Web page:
PhD Candidate in the Department of Physics and Astronomy
Zachary Hafen is a PhD candidate in the Department of Physics and Astronomy. Through his research, he explores virtual galaxies and their surroundings, and he uses these explorations to give insight into how these massive structures form. In collaboration with the Northwestern Academy for Chicago Public Schools and Reach for the Stars, Zachary developed “Vault,” a program where he supports student-led data expeditions to bring research experiences to high school students. In addition, two of his images were finalists in Helix Magazine’s Scientific Image Contest.
How would you describe your research and/or work to a non-academic audience?
In my research I create and explore virtual galaxies–supercomputer-simulated galaxies designed to look and act like real galaxies. The goal is to traverse and manipulate entire galaxies in ways that would be impossible with real galaxies and to learn how we can improve our simulated galaxies to make them more realistic.
What have been some of the most memorable twists and turns of your career?
- When I took a non-intro physics class and discovered how much I enjoyed physics. At the time I was a philosophy major who had conceded to add a physics major to help pay the bills after graduation. I took my first upper-level physics class and became enamored with the work and the carefulness and creativity it required. I dropped my philosophy major at the end of the semester.
- When I was accepted to a National Science Foundation (NSF) Research Experience for Undergraduates (REU) program on gravitational wave astrophysics. REU's are government-funded opportunities for students to do research at a university other than their own. For students from teaching colleges (like myself), they are often one of the only ways to get involved in world-class research. By participating in this program, I had the opportunity to study gravitational waves (ripples in the very fabric of space and time), and it's no coincidence that I'm at Northwestern, a leader in gravitational wave astrophysics.
- When my current adviser offered me the opportunity to work on a project with him the summer prior to beginning graduate school. At the time I was planning on studying gravitational waves, however that short project on galaxy formation turned into five years of study in a field that I find utterly fascinating and beautiful.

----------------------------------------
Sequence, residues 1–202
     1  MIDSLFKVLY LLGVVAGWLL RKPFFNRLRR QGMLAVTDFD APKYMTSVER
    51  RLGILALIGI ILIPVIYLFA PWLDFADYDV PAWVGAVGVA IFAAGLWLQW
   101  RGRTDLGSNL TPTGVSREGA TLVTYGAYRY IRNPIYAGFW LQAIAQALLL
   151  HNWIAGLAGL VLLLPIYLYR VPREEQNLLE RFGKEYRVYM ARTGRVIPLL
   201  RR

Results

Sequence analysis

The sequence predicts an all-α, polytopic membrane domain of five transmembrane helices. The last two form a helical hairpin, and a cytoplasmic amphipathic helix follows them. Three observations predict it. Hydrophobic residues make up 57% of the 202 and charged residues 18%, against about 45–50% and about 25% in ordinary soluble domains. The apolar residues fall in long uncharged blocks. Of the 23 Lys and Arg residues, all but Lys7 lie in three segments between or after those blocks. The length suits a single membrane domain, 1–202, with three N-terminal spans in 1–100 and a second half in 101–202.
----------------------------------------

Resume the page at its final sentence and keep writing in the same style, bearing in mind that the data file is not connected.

What is a mistake you have learned from in your career?
Make sure to say "no" when asked for something you don't have time for.
What is the biggest potential impact or implication of your work?
Our galaxy consists of about 200 billion stars, and it holds a comparable mass of gas. However, we don’t really understand the journey that these stars and gas clouds took to arrive in our galaxy, including the journey for the gas that makes up our sun. My research could change that, allowing us to truly write up a history of earth, prior even to its formation.
When I visited Northwestern I really enjoyed the culture. The graduate students in my potential department were friendly but quick-witted. It seemed like the type of place where I could learn a lot, and be comfortable doing so.
How do you unwind after a long day?
Some linear combination of reading, video gaming, internet-browsing, cat-adoring, and plastic-robot-building. Too many hobbies, relative to the amount of free time I have.
What did you originally want to be when you grew up?
A magician that rides dragons.
What advice would you give your younger self or someone considering a similar path?
Be willing to give a chance to stuff that seems boring at first. The depth may astound you once you get through the beginning.
Tell us about a current achievement or something you're working on that excites you.
I’m currently working with the Northwestern Academy for Chicago Public Schools and the Northwestern-sponsored Reach for the Stars program to create “Vault,” an online and in-person community of high school students and mentors. It’s challenging to fit this into the busy lives of high school students, but if we’re successful we can give high school students a taste of what real research is like. I’m also excited about the progress made by our Physics and Astronomy Graduate Student Council. We accomplished a variety of things, from setting up a mentoring program to revamping our visiting student weekend to the many events organized by our Equity and Inclusion committee. I just stepped down after two years as council president, and I’m delighted to see so many of our incoming students getting involved and taking the place of students who are graduating.
What are you most proud of in your career to date?
The little victories are what I’m most proud of so far, and their culmination and transformation into a PhD degree will be what I’m most proud of when that happens. In the meanwhile, two little victories I’d like to highlight are the two Scientific Image Contest submissions I submitted in 2016 and 2018, both of which were finalists.
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